To simply play in the sand with the technique like “Running in High Heels” eliminates almost any need for plyo’s as players naturally move to toes after developing the very muscles people being pounded on hard surfaces. The overall scientifically proven results provide less impact and strain on joints and tendons during this much more reliable option to enhance speed, endurance, and jumping technique while always involving the ball if desired. Playing in the sand gives you time back to be with the ball. That is a proven fact.
Coaches Lose Time not Focusing on Sand for Development
Time is relative. Is it not enough time to expedite quicker results through sand, time to find the beach volleyball court to utilize as your beach, or simply you plan to take your time off in the summer when most of the competitions are taking place? So, why waste time in the sand for nothing? It is never for “nothing”. None of these are relative to the positive impact on time received by putting their feet in it.
Quicker and better results are seen clearly in studies by Dawson & Pinnington (2001 & 2005) as well as Martyn J Binnie (2013) at Western Australia University showing 1.5 times faster aerobically and 2.5 times faster anaerobic achievement. This is further demonstrated in Impellizzeri FM study with English Premier Players (2008) concludes: Plyometric training on sand improved both jumping and sprinting ability and induced less muscle soreness. To be more accurate you are losing time by not taking advantage of its impacts on improvement in the sand.
Every aspect of what you do in the sand whether teaching the new techniques, skills, or simply working to get stronger and faster is completely transferable to grass. It is clear over time, like futsal, the benefits of sand will be recognized. But, like the best clubs already doing it, those who take advantage will have the highest results as proven by facts, studies, and simple logic.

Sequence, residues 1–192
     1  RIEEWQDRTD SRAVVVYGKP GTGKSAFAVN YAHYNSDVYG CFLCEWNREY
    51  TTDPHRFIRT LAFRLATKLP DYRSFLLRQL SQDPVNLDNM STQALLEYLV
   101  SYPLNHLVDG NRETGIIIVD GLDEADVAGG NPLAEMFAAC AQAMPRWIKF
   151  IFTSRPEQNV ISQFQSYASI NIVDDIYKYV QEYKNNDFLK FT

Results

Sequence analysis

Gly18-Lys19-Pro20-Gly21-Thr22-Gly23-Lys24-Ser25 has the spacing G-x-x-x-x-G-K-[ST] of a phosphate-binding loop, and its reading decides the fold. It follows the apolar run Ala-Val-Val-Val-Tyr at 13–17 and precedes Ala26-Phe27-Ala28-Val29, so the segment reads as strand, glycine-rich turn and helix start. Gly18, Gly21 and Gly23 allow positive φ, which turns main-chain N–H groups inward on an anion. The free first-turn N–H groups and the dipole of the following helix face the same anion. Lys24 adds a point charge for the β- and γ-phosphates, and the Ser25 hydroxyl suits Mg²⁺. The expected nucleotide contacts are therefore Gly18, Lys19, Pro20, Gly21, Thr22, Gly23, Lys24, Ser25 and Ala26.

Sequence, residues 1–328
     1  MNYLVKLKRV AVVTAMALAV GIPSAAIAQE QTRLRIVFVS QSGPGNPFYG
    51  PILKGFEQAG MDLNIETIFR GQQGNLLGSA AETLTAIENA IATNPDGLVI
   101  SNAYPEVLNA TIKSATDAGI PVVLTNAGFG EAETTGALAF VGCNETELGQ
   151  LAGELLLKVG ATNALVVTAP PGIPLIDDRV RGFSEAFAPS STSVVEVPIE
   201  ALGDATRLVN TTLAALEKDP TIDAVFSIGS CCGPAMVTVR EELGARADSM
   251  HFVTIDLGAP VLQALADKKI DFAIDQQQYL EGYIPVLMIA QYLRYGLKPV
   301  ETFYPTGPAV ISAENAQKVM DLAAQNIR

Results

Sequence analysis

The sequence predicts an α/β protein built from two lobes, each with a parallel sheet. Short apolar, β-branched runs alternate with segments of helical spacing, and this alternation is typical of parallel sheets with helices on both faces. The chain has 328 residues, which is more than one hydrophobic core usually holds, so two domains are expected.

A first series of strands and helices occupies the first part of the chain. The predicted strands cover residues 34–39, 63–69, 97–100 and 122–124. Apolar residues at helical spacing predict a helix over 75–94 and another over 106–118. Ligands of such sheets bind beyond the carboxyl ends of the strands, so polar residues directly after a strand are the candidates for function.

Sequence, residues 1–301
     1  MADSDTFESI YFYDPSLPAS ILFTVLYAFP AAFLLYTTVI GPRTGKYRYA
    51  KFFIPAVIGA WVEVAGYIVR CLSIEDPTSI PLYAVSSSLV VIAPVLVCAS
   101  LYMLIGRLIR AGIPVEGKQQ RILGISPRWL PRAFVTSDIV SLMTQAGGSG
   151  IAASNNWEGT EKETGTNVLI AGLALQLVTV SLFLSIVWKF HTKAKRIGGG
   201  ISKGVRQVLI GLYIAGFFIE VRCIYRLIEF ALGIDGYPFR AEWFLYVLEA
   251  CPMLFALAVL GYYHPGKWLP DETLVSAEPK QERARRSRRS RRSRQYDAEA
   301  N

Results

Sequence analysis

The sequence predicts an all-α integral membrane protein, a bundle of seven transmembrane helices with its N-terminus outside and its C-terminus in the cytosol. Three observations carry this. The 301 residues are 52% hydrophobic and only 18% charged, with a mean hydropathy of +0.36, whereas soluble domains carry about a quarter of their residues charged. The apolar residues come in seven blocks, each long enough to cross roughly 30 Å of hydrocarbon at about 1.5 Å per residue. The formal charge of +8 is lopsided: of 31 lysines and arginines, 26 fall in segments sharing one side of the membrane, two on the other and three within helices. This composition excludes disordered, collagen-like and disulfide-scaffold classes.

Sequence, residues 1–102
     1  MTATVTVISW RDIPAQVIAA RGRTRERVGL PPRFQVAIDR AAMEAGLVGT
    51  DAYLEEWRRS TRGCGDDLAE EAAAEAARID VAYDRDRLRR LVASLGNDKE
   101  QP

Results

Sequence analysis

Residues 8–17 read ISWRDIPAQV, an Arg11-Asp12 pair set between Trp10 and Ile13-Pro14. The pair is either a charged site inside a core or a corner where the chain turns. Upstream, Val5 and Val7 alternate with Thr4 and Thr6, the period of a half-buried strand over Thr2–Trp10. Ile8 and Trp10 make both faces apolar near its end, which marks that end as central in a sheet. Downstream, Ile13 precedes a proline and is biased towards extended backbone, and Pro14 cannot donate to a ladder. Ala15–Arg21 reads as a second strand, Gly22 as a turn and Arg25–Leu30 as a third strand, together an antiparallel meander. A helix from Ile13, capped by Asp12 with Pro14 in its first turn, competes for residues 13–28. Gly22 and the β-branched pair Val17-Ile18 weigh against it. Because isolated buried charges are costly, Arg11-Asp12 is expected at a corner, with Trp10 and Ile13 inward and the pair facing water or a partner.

We hope this allows you to know the most common reasons to not put your player’s feet in the sand should be reexamined. We also understand a great number of you just don’t understand how to train or coach it. The idea of this letter is to give you a chance to not be on the wrong side of information and to dispel myths you may hold. If you know futsal you are ahead of the game tactically. But, if all you can see are the hard-surfaced aspects of our game as advantageous, you continue to trail behind those who can see the light beyond the tree line.
Please don’t refrain from contacting us for help. We will show you the path and how to tackle this exciting opportunity. Just find your way to YouTube and “YourBeachSoccer” and it will begin your education.
Those who see the Forest!
- Dealing with balls in flight (Especially in an age of no heading for 12u & younger)
- Lifting, scooping, passing outside of the foot
- Striking off ground & air (Concentration, slowing the ball movements, stronger & reliable locked ankles)
- Running technique
- Running speed (1.5x faster)
- Running endurance (2.5x faster)
- Durability (See Walter Payton & Sand Training)
- …so much, much, more…
If the best in the world using it on an ongoing basis, shouldn’t it be considered?